Not quite the same as the fields of lavender in Provence is it? But Brasserie Astuce Restaurant in Pomona is a bit of France in the Inland Valley. The term was coined by the The Inland Valley Daily Bulletin newspaper to encompass the area between the Fontana end of the Inland Empire and the San Dimas border of the San Gabriel Valley. (Although, technically, aren't all valleys located inland?)
Its location, for the Inland Valley, the newspaper, and the restaurant, suffers growing pains as all three attempt to carve out an identity. Southern California's expansive suburbs aren't conducive to creating a sense of unity among its many smaller cities. The Inland Valley, straddling the San Bernardino County and Los Angeles County borders, is the overlooked step-child between the desert-like cities further east and the Asian-centric cities further west. The newspaper battles competition between the other local newspapers, The San Bernardino Sun and The San Gabriel Valley Tribune (even though all three are owned by the same chain), and the behemoth Los Angeles Times. That sense of trying to be somebody in a hard to qualify area is evident in Brasserie Astuce, a slightly upscale restaurant located in a not so upscale area, a few miles away in distance but far, far away in foot traffic from the downtown areas of Claremont and La Verne.See that dark green brick on the right edge of the picture above? It's a wall that stretches the entire length of the front of the restaurant. And while I understand why patrons inside the restaurant would rather enjoy the light and mini-courtyard the bricked-in area contains, it also blocks out any possible interest by people driving past. Which is a shame because what you see below is what people could see if that brick wall wasn't in the way.
Lovely isn't it? I would imagine the fireplace gets lit at night. The doorway on the right leads into the restaurant's Tour du Vin Wine Shop, where you can select a wine for your table, or dine at its separate menu. Further right and left are larger dining areas. Hard to imagine this scene existed between the car wash and the public storage.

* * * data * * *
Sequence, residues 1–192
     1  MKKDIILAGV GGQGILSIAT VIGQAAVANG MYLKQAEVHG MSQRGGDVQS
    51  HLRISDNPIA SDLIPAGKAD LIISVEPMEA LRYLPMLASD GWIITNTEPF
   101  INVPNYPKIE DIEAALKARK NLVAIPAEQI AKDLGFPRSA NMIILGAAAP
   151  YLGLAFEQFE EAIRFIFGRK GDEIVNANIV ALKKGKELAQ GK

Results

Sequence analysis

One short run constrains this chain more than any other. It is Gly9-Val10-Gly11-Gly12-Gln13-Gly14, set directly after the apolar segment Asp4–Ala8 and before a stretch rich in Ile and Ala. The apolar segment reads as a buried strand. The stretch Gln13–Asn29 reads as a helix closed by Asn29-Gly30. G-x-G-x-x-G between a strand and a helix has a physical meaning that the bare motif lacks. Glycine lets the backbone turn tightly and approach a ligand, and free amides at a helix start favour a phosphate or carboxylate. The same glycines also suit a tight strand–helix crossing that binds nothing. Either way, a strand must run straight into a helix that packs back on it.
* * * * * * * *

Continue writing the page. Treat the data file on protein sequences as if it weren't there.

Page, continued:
So I opted for the aforementioned seabreeze salad (I can't pass up lobster and crab!) and a smoked salmon on toasted brioche with pears and avocado sandwich. The restaurant has $15 3-course lunch specials that change each weekday. This particular day was a beet carpaccio salad, bass on a bed of couscous with truffle sauce, and poppy seed gelato with fried crepes.
Served with a nicely salty olive tapenade.
Here's my friend placing the bread and tapenade together just so I could take another shot. I think she has quite gotten into my food blogging...
The beet carpaccio salad arrived first. Crisp mixed greens. The beet carpaccio was paper-thin and had a slight ginger tang and was roasted? toasted? to perfection.
The bass and couscous were OK but a little dry. And that truffle sauce? Was it supposed to be the chocolate kind or the tuberous/fungi kind? Because we couldn't figure it out. Hmm.
The lobster, crab, and shrimp pieces were fresh and succulent. The toasted brioche was light and eggy. Although it wasn't until I just now looked at the menu again that I noticed there wasn't the pear or avocado that was supposed to be on the sandwich. Hmm.
As for service, the waitress was attentive and refilled our glasses and checked up on us often. The owner came out to greet us after we were seated. He also delivered our entrees. When he removed my friend's bread plate and utensils, I mentioned that we were sharing the entrees and needed the plates, and he brusquely said,
Brasserie Astuce Restaurant
Tour du Vin Wine Shop